Greene is planning to build a 30-story, twin-tower complex featuring office space at 550 Quadrille Blvd. He said he plans to start building soon.

 

 

 

 

 

 

Trump, China and Twitter: 9 tweets that likely irked PRC leaders

President Donald Trump hosts his Chinese counterpart at Mar-a-Lago next week. It’s the second global — and Asian — leader the president brings to the Southern White House.

But this meeting may not be as amicable as the golf diplomacy with Japan’s prime minister, Shinzo Abe. In fact, People’s Republic President Xi Jinping will not stay at Mr. Trump’s Palm Beach club but instead will spend the night in Manalapan.

President Donald Trump arrives at Palm Beach International Airport on Air Force One Friday, February 10, 2016 accompanied by First Lady Melania Trump, Prime Minister Shinzo Abe Abe, and the Prime Minister’s wife Akie Abe. Damon Higgins / The Palm Beach Post

Why? Well, Twitter may have something to do with it.

RELATED: Will Palm Beach County benefit when Trump brings  a global leader?

On the campaign trail, Candidate Trump frequently blasted the trade deficit with China, saying the People’s Republic was “ripping off” Americans via unfair trade and monetary practices. Those complaints worked their way into Mr. Trump’s Twitter missives.

Since his election as president on Nov. 8, Mr. Trump has not taken China to task on Twitter very often. He’s just fired off nine times.

Full Donald Trump coverage: Galleries, news, video

But they’ve stung — in particular his defense of accepting a congratulatory call from the leader of China’s rival, Taiwan. Mr. Trump has also sharply criticized the PRC for inaction in dealing with provocative moves by North Korea.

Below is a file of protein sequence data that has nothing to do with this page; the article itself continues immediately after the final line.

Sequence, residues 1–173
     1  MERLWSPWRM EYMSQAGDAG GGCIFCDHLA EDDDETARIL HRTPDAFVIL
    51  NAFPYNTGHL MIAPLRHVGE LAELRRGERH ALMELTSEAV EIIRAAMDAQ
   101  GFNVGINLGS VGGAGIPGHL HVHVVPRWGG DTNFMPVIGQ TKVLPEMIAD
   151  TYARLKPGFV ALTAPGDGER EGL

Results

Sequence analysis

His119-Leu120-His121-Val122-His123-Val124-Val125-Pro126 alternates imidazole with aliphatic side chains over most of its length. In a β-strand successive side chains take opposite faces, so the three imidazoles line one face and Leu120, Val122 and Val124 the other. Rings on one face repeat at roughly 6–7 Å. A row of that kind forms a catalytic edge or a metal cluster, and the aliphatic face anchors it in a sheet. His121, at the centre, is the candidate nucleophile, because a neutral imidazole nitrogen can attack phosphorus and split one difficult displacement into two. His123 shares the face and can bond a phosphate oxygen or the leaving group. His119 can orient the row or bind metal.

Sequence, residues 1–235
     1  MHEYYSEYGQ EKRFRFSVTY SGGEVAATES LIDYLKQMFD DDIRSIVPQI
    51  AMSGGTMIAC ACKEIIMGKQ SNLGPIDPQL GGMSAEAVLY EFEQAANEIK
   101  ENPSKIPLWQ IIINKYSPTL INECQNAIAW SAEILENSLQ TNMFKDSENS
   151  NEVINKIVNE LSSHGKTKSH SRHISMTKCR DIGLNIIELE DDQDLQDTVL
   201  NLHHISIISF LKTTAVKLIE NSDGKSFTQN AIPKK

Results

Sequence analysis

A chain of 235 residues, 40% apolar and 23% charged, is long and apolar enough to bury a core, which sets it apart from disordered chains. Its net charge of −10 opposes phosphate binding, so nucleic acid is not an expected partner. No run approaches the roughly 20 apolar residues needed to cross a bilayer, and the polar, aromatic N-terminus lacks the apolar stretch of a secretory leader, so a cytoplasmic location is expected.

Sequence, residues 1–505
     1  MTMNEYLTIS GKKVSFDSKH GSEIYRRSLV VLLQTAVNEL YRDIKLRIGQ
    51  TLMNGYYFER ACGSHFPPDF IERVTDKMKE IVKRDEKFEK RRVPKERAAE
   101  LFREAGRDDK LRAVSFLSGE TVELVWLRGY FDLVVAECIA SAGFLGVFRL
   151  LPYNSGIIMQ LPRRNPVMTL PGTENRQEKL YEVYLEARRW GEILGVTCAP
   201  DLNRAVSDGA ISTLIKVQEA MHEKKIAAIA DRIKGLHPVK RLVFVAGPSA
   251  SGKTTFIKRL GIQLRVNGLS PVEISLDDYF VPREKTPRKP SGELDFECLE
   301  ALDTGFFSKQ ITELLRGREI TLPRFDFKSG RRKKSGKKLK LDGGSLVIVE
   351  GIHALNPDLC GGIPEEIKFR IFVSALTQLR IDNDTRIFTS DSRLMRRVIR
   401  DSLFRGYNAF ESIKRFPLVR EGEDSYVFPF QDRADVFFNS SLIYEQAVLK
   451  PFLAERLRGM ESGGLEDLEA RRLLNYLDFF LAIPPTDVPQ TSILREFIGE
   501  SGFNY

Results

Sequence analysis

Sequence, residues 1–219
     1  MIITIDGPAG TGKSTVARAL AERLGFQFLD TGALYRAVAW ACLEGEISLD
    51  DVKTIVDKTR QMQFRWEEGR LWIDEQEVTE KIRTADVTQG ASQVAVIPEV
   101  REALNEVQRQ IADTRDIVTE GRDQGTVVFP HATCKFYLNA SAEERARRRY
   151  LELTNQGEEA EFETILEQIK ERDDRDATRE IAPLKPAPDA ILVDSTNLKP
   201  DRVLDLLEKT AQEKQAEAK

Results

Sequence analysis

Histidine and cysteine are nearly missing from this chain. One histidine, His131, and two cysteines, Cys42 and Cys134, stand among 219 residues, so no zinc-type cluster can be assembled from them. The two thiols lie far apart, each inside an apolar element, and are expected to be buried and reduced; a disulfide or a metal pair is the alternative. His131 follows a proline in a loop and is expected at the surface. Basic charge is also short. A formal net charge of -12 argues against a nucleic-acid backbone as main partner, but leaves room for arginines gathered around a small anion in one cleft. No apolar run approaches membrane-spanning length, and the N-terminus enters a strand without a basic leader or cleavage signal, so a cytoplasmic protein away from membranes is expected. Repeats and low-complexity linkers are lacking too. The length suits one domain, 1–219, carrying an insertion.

In early January, China’s state-run news agency, Xinhua, lambasted President Trump’s “Twitter diplomacy” likening it to a “child’s game.”

RELATED: Night at Mar-a-Lago: Inside charity event with Trump, Sessions nearby

Here are Mr. Trump’s China tweets since his Nov. 8 election.

Delray Beach legal impresario joins forces with Boca Raton law firm

Michael Weiner

Delray Beach legal eagle Michael Weiner is joining forces with a Boca Raton law firm renowned for its prowess in homeowners and condominium law.

Sachs, Sax & Caplan will be the new home for the longtime zoning, land use and administrative law attorney.

Weiner, 68, is a ubiquitous figure at municipal hearings on behalf of real estate developers. Even his website’s name is all about his business: zonelaw.com.

And although he’s best known for his work representing Delray Beach real estate developers, Weiner’s practice extends from Boca Raton to Lake Worth.

But starting April 1, Weiner will become of counsel to Sachs, Sax.

Weiner, who has had his own law firm for more than 30 years, said he decided to join Sachs, Sax because he could not figure out a way to clone himself.

“I can only be in so many places at once,” Weiner said. And cities love to hold meetings on Tuesday nights at the same time, he added.

On a more serious note, Weiner said that Sachs, Sax’s land-use department complimented his own practice.

In addition, he said the heft of a full-service law firm with a wide geographic reach will help him better serve clients, particularly on topics such as climate change and transportation.

For its part, Sachs, Sax said Weiner broadens its expertise.

“The firm’s practice will be further diversified with Weiner’s extensive background in land use and zoning litigation, private property rights, historic property redevelopment, property tax challenges, and code enforcement defense and appeals,” the firm said in a statement.

“We are confident this milestone will benefit our existing clients while opening the firm up to new growth opportunities,” said Peter S. Sachs, a founding partner of Sachs Sax Caplan. “Our firm will undoubtedly be stronger and better positioned for the future with him on board.”

Sachs, Sax handles matters from Fort Lauderdale to Jupiter. With Weiner on board, the firm now will be able to handle not only matters throughout Palm Beach and Broward counties, but also from suburbs in the west to cities along the coast, east of Interstate 95.